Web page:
1.1. Deductive reasoning: obtaining a conclusion from given information

1.2. "If...Then" formatting

1.2.1. Hypothesis: If a number is less than 3, (this is our given information) The it is less than 8. (this is our conclusion drawn from the given information)

2. Linear Functions and Slope

2.1. Functions whose graphs are lines that are not parallel to the vertical axis are called Linear Functions

2.2. Graphs can be helpful in solving a problem when two variables are related in some way, or problems with time, money or speed.

2.3. There are two types of slope: Positive and Negative. Positive slope is when the lines extend from lower left to upper right and negative is the opposite, when the line extends from the upper left to the lower right of the graph.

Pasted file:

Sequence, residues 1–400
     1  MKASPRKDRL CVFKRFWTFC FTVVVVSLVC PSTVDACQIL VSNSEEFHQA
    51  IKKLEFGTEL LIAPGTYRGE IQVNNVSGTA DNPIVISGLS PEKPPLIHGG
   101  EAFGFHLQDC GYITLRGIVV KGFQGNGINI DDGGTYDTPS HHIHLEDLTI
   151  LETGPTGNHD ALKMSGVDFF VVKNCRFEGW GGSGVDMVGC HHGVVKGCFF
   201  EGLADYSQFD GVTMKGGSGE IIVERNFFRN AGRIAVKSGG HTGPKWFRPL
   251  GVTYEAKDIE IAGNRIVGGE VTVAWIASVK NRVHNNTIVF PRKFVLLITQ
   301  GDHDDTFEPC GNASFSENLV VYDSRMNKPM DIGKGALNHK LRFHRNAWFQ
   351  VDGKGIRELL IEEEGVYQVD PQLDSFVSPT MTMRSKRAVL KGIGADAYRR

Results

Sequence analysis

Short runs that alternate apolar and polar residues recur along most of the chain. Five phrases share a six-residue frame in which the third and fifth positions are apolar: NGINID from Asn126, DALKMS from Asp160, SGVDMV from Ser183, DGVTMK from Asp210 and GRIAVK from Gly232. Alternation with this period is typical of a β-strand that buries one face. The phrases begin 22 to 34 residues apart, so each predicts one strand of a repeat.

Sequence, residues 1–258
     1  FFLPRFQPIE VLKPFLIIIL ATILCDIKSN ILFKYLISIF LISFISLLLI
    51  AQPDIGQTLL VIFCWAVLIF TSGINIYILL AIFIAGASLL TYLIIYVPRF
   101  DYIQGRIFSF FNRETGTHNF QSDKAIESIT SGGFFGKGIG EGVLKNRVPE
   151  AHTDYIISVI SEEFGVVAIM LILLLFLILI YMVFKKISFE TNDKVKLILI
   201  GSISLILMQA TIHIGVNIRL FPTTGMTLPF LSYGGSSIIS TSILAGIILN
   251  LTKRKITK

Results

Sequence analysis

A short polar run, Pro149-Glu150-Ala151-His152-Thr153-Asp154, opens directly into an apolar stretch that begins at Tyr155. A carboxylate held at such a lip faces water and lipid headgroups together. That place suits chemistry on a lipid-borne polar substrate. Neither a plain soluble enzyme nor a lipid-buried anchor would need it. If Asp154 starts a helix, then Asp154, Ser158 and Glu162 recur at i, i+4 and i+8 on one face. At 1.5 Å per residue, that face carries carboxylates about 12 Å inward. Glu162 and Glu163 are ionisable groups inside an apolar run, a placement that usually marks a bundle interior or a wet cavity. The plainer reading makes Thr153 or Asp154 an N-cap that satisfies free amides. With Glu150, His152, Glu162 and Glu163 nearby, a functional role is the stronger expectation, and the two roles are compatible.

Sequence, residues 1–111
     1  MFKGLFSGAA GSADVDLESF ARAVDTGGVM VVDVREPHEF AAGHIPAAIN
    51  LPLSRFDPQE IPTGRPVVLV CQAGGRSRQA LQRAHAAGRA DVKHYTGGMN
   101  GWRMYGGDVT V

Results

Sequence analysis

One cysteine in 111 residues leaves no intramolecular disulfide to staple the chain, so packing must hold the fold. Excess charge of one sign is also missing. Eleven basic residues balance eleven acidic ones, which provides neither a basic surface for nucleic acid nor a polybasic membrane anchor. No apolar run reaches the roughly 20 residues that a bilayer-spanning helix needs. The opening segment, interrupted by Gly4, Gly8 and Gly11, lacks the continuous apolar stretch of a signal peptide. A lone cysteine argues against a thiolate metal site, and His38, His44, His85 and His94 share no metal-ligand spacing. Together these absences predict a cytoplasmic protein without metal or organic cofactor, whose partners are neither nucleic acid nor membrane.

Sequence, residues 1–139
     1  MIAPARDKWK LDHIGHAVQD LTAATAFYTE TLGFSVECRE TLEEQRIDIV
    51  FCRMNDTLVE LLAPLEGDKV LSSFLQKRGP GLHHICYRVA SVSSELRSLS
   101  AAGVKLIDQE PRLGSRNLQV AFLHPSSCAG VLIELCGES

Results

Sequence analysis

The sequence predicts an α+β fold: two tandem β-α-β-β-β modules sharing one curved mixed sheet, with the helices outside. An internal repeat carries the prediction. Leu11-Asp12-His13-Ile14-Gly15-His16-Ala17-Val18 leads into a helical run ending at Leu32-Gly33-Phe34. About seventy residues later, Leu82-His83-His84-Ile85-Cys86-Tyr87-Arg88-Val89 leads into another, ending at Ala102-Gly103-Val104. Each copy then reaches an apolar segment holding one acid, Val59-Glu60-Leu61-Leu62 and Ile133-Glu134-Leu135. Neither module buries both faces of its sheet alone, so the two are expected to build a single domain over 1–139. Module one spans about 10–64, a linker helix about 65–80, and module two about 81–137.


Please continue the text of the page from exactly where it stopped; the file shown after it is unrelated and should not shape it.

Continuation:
2.4. y=mx+b is said to be slope-intercept form, because the slope (m) of the line and the Y intercept (b) can be read from the equation.

3. What is a problem?

3.1. A problem is a question that has no obvious solution

4. Understanding the problem

4.1. read and reread

4.2. draw/sketch a diagram

4.3. restate the problem in your own words

4.4. make an educated guess

5. Ways to solve a problem

5.1. devise a plan

5.1.1. carry out the plan

5.1.1.1. look back

5.2. make a drawing

5.3. guess & check

5.4. make a table

5.5. use a modle

5.6. work backwards

5.7. use logical thinking

6. what is problem solving

6.1. Problem solving is when you have something that needs to be solved but has no apparent answer

7. Using Venn-diagrams

7.1. Venn-diagrams can be useful when comparing and contrasting two or more things

7.1.1. A Venn-diagram is a set of two or more over lapping circles. they are each labeled and similarities go in the middle where the circles overlap and if the object does not match both categories it is put in the correct circle, but not in the middle.